A schematic block diagram of the memory block 22 of the present invention is illustrated in FIG. 3. A number N of dual port RAMs 60, 62 and 64 are included within the memory block structure 22. The dual port RAMs 60, 62 and 64 are configured as multiple RAM cores wherein one word can be written and N words can be read during a single clock cycle. In this manner a more densely packed RAM core is achieved than a memory block implemented with multiport RAM cells, as illustrated in FIG. 1. The memory block 22 having dual port RAM cells configured as multiport RAM cells is also less expensive to implement than a memory block including multiport RAM cells.

The write address signal bus 28 is coupled to each of the dual port RAMs 60, 62 and 64. The write data signal bus 26 is also coupled to each of the dual port RAMs 60, 62 and 64. A respective write enable signal line is coupled to each of the dual port RAMs 60, 62 and 64 for enabling a write operation to the appropriate RAM 60, 62 or 64. A read address signal bus 46 is coupled to each of the dual port RAMs 60, 62 and 64. Read data signal lines 34, 36 and 66 are coupled to each of the dual port RAMs 60, 62 and 64, respectively.

The preferred embodiment of the present invention writes one word of data to the memory block 22 and reads five words of data from the memory block 22 in a single clock cycle. In this preferred embodiment a word of data includes 64 bits. A portion of a dual port RAM structure of the preferred embodiment is illustrated in FIG. 4. The RAM structure illustrated in FIG. 4 includes the memory cells for the first five bits of a word within the dual port RAM structure. The RAM structure for the remaining 59 bits is identical to the structure illustrated in FIG. 4.

The RAM structure of the present invention illustrated in FIG. 4 includes five words, each encompassing a row of bits, wherein each of the corresponding bits within the words are arranged in corresponding columns. The write data signal bus wrdata includes bits 0 through 63, each bit coupled to each corresponding memory cell within its column. A write enable signal line wr0 is coupled to each of the memory cells within the first word 80, for enabling a write operation of a word on the write data signal bus to the memory cells of the first word 80, bits 0-63. A write enable signal line wr1 is coupled to each of the memory cells within the second word 82 for enabling a write operation of a word on the write data signal bus to the memory cells of the second word 82, bits 0-63. A write enable signal line wr2 is coupled to each of the memory cells within the third word 84 for enabling a write operation of a word on the write data signal bus to the memory cells of the third word 84, bits 0-63. A write enable signal line wr3 is coupled to each of the memory cells within the fourth word 86 for enabling a write operation of a word on the write data signal bus to the memory cells of the fourth word 86, bits 0-63. A write enable signal line wr4 is coupled to each of the memory cells within the fifth word 88 for enabling a write operation of a word on the write data signal bus to the memory cells of the fifth word 88, bits 0-63. During a write operation, a word transmitted on the write data signal bus wrdata will be written to an appropriate one of the words 80, 82, 84, 86 or 88, depending on which of the write enable signal lines wr0-wr4 is activated.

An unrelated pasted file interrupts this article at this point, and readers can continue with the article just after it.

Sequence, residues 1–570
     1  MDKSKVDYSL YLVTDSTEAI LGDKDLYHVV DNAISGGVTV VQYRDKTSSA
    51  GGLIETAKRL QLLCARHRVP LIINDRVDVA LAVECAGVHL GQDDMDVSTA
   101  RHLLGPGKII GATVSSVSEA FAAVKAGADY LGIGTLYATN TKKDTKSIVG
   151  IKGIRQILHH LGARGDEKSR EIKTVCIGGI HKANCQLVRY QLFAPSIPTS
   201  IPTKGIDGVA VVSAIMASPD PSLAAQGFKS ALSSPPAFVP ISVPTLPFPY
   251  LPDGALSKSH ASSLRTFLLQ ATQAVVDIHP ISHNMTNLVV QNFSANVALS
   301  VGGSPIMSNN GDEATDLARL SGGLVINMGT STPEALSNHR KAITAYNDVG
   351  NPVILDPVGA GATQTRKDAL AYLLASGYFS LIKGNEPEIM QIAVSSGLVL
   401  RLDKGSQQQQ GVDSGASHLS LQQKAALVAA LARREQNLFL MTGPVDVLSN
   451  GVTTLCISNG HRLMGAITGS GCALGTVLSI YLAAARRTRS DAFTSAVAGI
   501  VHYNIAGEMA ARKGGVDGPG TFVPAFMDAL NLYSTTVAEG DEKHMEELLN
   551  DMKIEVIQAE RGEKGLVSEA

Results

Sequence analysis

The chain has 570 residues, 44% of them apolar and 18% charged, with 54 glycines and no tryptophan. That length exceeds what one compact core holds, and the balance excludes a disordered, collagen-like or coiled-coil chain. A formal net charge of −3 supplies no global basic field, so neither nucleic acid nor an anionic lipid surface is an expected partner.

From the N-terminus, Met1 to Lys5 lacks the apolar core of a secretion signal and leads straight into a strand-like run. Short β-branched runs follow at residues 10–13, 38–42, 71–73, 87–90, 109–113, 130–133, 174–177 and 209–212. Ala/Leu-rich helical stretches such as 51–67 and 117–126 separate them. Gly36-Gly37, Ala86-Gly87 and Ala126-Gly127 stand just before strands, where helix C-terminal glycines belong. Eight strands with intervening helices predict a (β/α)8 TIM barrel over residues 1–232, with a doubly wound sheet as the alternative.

A read data signal bus rdata0 is coupled to the bits 0-63 of the first word 80. A read data signal bus rdata1 is coupled to the bits 0-63 of the second word 82. A read data signal bus rdata2 is coupled to the bits 0-63 of the third word 84. A read data signal bus rdata3 is coupled to the bits 0-63 of the fourth word 86. A read data signal bus rdata4 is coupled to the bits 0-63 of the fifth word 88. A read enable signal line rd is coupled to each of the cells, 0-63, within each of the first through fifth words 80, 82, 84, 86 and 88. In this manner, when the read enable signal line rd is activated during a read operation, the first word through the fifth word are all transmitted on their respective read data signal busses rdata0-rdata4, during a single clock cycle. The memory block 22 of the present invention will therefore write one 64 bit word and read five 64 bit words per clock cycle, thereby allowing the viterbi decoder to achieve one decoded symbol per clock period, without the required space and expense associated with a multiport RAM structure.

In the viterbi decoder of the present invention an encoded stream of symbols are input to the decoder control logic block 20 on the input data signal line 30. The symbols input on the input data signal line 30 are written to the memory block 22, as 64 bit words, one word at a time. Once X+Y words have been written to the memory block 22, the decoder will then read five 64 bit words, simultaneously, each clock cycle, tracing back through X+Y words and outputting a bit for each of the last Y words five at a time. This process is repeated with the next Y words five at a time. This process is repeated with the next Y words being written to the memory block 22 and the corresponding X+Y words being traced back and the appropriate Y bits being output on the output data signal line 32, until the entire encoded stream of symbols has been decoded and output on the output data signal line 32.

It should be apparent to those skilled in the art that a memory block 22 achieving reads of more or less than five words may be implemented in the manner taught by the present invention by coupling an appropriate number of memory cells together to implement the appropriate number of words. Correspondingly, words of different lengths may also be implemented using the structure taught by the present invention. Decoders for decoding different types of convolutional codes may therefore be implemented by varying the number and configuration of the memory cells within the memory structure taught by the present invention.

The present invention has been described in terms of specific embodiments incorporating details to facilitate the understanding of the principles of construction and operation of the invention. Such reference herein to specific embodiments and details thereof is not intended to limit the scope of the claims appended hereto. It will be apparent to those skilled in the art that modifications may be made in the embodiment chosen for illustration without departing from the spirit and scope of the invention.

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Classifications
U.S. Classification714/795, 714/786
International ClassificationH03M13/41, G11C8/16
Cooperative ClassificationH03M13/4169, G11C8/16, H03M13/41
European ClassificationH03M13/41T1, H03M13/41, G11C8/16